Is It a Sin to Cuss?

Bad language, or cussing, is very common in our world. Is cussing really something to avoid, or is it no big deal? What does the Bible say about cussing?

Is It a Sin to Cuss?
As a boy, I remember my uncle telling me that cussing, or using profanity, was a sign of a limited vocabulary. In other words, if you have to resort to swearing, it means you haven’t educated yourself well enough to express your thoughts and feelings in a more socially acceptable manner.

But is cussing just a violation of an arbitrary social construct on language? Or is it more than that? How concerned should a Christian be about the use of crude and offensive language? Does it really matter?

In other words, is it a sin to cuss?

A growing trend of bad language

The use of profane and obscene words is reported to be steadily on the rise in the Western world. While older generations typically report a lower propensity for cussing, younger generations tend to accept and use all forms of profanity, from the relatively mild to the extremely vulgar.

These words are seen more and more as acceptable means of self-expression, and we find them being used widely and casually in virtually every setting. Some will even claim their use is desirable and a sign of greater intelligence!

It is easy to get caught up in that kind of thinking. When we hear profanity all around us—in stores, at work, at school, in movies and in TV shows—those words are more likely to pop into our minds. And if it really isn’t that big of a deal, then why should we bother to police our words and minds? It is so much easier to go along and do as everyone else does.

However, God makes it clear that the values of our society should not be the default standards by which a Christian lives (Romans 12:2). A Christian must ensure that his or her standards are biblical. A Christian must be concerned with God’s—not people’s—perspective.

What we say is a matter of the heart

One argument for using crude and rude graphic language is that words have meaning only because society has assigned meaning to them. And that meaning differs with language and evolves over time.

Consider that we say “thank you” in English, “medaase” in Twi, “danke” in German and “merci” in French. Those sounds have been formed into words over time and assigned their meaning by human beings. Therefore, it is argued that profanity truly is only a social construct, a combination of various sounds, and not inherently right or wrong.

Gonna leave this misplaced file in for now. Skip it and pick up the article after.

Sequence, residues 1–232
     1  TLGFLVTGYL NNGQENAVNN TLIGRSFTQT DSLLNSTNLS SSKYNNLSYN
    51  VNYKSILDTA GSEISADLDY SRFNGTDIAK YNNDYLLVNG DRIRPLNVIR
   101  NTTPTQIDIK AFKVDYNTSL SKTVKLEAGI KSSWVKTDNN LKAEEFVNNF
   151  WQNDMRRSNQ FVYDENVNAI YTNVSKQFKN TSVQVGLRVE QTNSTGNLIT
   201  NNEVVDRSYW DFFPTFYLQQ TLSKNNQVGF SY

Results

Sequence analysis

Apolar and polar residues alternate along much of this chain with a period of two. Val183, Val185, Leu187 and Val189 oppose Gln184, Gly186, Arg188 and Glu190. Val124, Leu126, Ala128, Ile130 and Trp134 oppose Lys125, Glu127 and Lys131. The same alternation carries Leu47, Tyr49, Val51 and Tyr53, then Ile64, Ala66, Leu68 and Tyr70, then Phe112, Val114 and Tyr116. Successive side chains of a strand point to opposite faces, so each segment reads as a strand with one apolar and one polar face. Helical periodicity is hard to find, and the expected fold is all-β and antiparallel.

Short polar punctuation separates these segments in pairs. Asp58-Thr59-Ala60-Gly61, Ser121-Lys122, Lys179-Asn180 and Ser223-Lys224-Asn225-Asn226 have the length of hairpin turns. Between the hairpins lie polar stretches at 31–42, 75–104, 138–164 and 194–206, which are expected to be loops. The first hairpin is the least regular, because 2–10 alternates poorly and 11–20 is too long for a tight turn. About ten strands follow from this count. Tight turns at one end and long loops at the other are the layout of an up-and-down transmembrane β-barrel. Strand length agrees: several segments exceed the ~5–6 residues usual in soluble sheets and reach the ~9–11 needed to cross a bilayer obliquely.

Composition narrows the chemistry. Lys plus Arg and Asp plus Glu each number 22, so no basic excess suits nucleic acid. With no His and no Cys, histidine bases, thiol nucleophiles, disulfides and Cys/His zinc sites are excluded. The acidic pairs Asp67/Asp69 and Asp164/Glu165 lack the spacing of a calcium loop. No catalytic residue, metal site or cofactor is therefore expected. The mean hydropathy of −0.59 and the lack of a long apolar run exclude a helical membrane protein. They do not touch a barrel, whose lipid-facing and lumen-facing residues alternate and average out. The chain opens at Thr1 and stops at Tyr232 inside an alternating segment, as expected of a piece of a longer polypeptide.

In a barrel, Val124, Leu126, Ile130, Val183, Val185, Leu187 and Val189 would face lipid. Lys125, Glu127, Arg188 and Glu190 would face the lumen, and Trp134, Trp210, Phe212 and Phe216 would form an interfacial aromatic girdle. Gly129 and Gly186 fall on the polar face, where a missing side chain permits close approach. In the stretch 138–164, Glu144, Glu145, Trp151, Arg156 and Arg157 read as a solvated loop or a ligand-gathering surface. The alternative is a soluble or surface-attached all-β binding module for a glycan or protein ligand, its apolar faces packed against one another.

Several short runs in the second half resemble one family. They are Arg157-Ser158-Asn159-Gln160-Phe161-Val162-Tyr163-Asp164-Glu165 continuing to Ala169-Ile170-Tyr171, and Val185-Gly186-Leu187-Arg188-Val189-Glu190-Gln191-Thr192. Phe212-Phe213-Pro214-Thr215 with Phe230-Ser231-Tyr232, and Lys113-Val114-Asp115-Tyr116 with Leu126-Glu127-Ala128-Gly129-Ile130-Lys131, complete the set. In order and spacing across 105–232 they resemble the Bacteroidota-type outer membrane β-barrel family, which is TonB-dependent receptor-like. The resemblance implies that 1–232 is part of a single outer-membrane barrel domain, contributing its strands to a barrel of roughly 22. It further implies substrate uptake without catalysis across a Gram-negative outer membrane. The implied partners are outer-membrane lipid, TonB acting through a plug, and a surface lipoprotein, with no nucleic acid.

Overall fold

The words we use, along with the tone with which we say them, reveal what is in our hearts—who we are on the inside.But that perspective misses the most important part of language: Words do carry meaning, and our words reveal what is in our hearts!

Notice what Jesus said about the significance of our words: “But whatever goes out of the mouth comes from within, and that’s what makes a person unclean. Evil thoughts, murder, adultery, other sexual sins, stealing, lying and cursing come from within. These are the things that make a person unclean” (Matthew 15:18-20, God’s Word Translation).

The words we use, along with the tone with which we say them, reveal what is in our hearts—who we are on the inside. If we deliberately use crude and profane words, knowing what they mean, or refuse to police our words, we are revealing a heart that is irreverent and disrespectful to God and our fellow man.

To learn more, read “Profanity: Why God Cares About the Words You Use.”

Using God’s name irreverently

One major aspect of profane speech is the violation of the Third Commandment: “You shall not take the name of the LORD your God in vain, for the LORD will not hold him guiltless who takes His name in vain” (Exodus 20:7). God’s name represents Him and all of His wisdom, power and glory.

God expects us to use His name with great respect!

Yet today we hear God’s name used as an expression of strong emotions like excitement, horror, disgust or condemnation. At other times, it’s treated as just something to say, almost like a filler or to add emphasis to a statement. In none of these cases are people thinking respectfully about God or giving praise to Him. His name is flippantly used without care or consideration.

For more insight on the appropriate (and inappropriate) use of God’s name, read “Third Commandment: You Shall Not Take God’s Name in Vain.”

What does the Bible say about cussing?

In order to better understand God’s perspective on our use of language, let’s consider the following scriptures as a sampling of what the Bible teaches about profanity:

  • “But now you yourselves are to put off all these: anger, wrath, malice, blasphemy, filthy language out of your mouth” (Colossians 3:8).